Outside of completing paperwork and traveling to the Cousins Center for her deposition, Touchett said the process was “relatively easy.” For her, the decision came in about six months.
Self-reflection can be challenging
She remembers the questions in her deposition being thought-provoking and relevant, including how the wedding day went, how the marriage started, what life was like after the wedding, whether she felt valued then … etc. That was the only part that she felt was a little challenging.
“It was only challenging in that you do a lot of self-reflection and sometimes that self-reflection can be – it brings up things that aren’t pleasant,” she said. “You know when you discover you really weren’t loved, that’s sad, and so that’s challenging, but you get through it. The truth is hard to face but the truth is what, when you can face it, it’s what helps you to heal.”
It also helped her heal from feelings of guilt and responsibility, and realize that it wasn’t her fault.
What’s sad to Touchett is that some people don’t feel like the process is available to them, and that when they go through a divorce, they are left with the idea that they can’t receive Communion or participate in church activities.
“That’s kind of the sad part; it’s like when they need the church the most, they feel like they’re being rejected by the church,” she said.
People also think children aren’t considered legitimate after an annulment, which is also false.
“People think that they’re going to come by, fill it out, get the annulment and all of a sudden they have illegitimate children, as opposed to simply not being married in the eyes of God, which is basically what it is … it also allows you to have other relationships and get married in the church again.”
No reflection on children
Annette Zablocki, 53, a parishioner at St. John Paul II Parish, Milwaukee, said she would have gotten an annulment for her 1986 marriage to her ex-husband that ended in divorce, sooner had she known what she knows now.
The New York native was hesitant because of her two children.
It wasn’t until she and her husband John, who were married by the Justice of Peace in New York in 2001, saw an announcement regarding annulments in a church bulletin that she would learn more.
“At this point, it was ground into my head that it reflects upon the children and I didn’t want that to reflect upon the children, so we went to this meeting. The priest was very nice, explained everything to us and we decided to go for it,” she said in a telephone interview with the Catholic Herald.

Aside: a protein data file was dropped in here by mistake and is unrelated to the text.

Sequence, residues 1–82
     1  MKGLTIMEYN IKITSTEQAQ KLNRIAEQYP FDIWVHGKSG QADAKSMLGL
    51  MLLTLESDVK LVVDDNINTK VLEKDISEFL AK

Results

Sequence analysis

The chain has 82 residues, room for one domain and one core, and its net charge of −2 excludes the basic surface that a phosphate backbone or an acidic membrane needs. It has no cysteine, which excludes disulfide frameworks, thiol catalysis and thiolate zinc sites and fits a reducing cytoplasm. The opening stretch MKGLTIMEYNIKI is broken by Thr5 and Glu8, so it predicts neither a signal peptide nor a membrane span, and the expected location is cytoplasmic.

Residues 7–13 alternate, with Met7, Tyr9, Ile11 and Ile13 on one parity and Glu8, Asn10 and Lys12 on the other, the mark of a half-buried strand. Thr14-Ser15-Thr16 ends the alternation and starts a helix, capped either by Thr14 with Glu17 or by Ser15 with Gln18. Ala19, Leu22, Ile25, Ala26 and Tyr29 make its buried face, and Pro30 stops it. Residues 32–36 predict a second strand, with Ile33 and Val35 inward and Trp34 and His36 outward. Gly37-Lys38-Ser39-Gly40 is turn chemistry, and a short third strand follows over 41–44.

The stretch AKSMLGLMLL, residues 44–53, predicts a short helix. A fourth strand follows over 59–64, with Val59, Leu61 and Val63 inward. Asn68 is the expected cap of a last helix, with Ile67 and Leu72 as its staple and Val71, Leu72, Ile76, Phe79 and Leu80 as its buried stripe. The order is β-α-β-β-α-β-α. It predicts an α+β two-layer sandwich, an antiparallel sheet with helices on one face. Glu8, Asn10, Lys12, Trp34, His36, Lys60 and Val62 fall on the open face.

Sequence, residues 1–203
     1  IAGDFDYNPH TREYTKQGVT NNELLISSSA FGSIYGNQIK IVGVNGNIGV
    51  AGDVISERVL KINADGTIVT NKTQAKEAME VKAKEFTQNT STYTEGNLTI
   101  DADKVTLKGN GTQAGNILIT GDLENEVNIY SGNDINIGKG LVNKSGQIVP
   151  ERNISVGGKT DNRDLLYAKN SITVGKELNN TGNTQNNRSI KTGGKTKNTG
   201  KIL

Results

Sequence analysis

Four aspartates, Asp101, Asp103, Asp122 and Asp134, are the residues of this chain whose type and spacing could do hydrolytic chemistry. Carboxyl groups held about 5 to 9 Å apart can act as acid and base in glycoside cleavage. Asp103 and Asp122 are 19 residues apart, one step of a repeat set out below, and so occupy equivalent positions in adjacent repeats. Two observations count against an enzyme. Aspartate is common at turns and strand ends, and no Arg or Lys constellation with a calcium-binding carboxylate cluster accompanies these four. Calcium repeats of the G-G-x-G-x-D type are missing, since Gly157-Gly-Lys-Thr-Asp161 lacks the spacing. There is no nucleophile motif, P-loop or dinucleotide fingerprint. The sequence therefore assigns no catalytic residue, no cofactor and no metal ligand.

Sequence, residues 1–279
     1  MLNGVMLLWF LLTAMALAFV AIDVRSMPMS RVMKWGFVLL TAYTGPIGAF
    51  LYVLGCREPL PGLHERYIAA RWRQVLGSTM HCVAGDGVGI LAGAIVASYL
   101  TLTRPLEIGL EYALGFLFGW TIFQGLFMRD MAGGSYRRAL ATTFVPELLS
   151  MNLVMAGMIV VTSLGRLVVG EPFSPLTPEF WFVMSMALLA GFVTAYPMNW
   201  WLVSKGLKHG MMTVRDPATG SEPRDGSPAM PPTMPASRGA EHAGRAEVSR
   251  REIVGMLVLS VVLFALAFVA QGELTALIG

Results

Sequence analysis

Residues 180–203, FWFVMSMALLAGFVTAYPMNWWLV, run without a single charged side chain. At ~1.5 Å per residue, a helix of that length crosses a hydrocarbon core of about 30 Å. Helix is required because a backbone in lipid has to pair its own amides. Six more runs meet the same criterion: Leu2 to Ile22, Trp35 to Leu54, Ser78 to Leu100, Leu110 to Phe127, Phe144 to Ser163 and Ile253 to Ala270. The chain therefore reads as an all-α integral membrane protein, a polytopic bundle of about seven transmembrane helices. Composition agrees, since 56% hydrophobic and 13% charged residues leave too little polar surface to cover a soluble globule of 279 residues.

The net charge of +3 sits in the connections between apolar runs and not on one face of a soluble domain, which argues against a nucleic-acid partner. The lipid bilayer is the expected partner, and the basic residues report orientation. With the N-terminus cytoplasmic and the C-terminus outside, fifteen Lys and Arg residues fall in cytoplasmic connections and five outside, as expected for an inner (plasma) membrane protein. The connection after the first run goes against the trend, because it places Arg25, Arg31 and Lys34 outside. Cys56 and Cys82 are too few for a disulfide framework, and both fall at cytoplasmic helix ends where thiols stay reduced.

So, she made an appointment to talk with a priest.
“He did assure me that there was no reflection upon the children in the Catholic Church. …” she said, explaining that the children weren’t even involved in the process she started in 2002-2003. “That really was my biggest fear; I mean we probably would have done it sooner, but that was my biggest fear until I found out that that was not an issue.”
She said her deposition lasted about an hour to an hour and a half, and the questions asked were intimate, but no one should be afraid of them because it’s part of the process.
“After you give your deposition, it’s just a waiting process,” she said. The decision came about eight or nine months after she started the process.
“My husband was never married before and I wanted to be able to get married in the Catholic Church again, and it worked out well. …” Zablocki said. “It was called a blessing ceremony and it was very nice.”
And it was simple, according to Zablocki.
“I thought it was going to be a whole, long involved thing, and it wasn’t. …” she said. “It was very, very simple and I was very glad I did it.”
She said the cost of an annulment is worth being able to marry in the Catholic Church and receive Communion, but also to feel closure.
“It is a healing, it is closure, because you do get that sense of ‘OK, now I’m free, and I can go and do what I was meant to do,’” she said.